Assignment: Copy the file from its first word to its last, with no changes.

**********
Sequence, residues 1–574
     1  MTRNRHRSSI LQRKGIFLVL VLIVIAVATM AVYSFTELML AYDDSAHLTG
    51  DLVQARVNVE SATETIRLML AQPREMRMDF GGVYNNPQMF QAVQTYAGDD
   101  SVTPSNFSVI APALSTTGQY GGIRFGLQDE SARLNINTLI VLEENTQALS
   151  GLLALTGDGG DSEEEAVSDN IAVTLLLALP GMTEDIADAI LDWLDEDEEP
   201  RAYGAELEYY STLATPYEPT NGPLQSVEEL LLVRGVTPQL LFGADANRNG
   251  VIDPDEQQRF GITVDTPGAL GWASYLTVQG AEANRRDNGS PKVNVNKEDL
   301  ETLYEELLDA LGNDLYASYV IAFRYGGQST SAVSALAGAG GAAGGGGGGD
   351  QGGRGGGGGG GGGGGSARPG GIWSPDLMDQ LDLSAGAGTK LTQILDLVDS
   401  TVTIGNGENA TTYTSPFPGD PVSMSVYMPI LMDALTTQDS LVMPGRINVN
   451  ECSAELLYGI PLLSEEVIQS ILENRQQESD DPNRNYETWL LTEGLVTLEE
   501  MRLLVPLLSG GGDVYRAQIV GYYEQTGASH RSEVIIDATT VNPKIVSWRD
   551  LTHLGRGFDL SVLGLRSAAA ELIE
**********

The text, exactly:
Sequence, residues 1–574
     1  MTRNRHRSSI LQRKGIFLVL VLIVIAVATM AVYSFTELML AYDDSAHLTG
    51  DLVQARVNVE SATETIRLML AQPREMRMDF GGVYNNPQMF QAVQTYAGDD
   101  SVTPSNFSVI APALSTTGQY GGIRFGLQDE SARLNINTLI VLEENTQALS
   151  GLLALTGDGG DSEEEAVSDN IAVTLLLALP GMTEDIADAI LDWLDEDEEP
   201  RAYGAELEYY STLATPYEPT NGPLQSVEEL LLVRGVTPQL LFGADANRNG
   251  VIDPDEQQRF GITVDTPGAL GWASYLTVQG AEANRRDNGS PKVNVNKEDL
   301  ETLYEELLDA LGNDLYASYV IAFRYGGQST SAVSALAGAG GAAGGGGGGD
   351  QGGRGGGGGG GGGGGSARPG GIWSPDLMDQ LDLSAGAGTK LTQILDLVDS
   401  TVTIGNGENA TTYTSPFPGD PVSMSVYMPI LMDALTTQDS LVMPGRINVN
   451  ECSAELLYGI PLLSEEVIQS ILENRQQESD DPNRNYETWL LTEGLVTLEE
   501  MRLLVPLLSG GGDVYRAQIV GYYEQTGASH RSEVIIDATT VNPKIVSWRD
   551  LTHLGRGFDL SVLGLRSAAA ELIE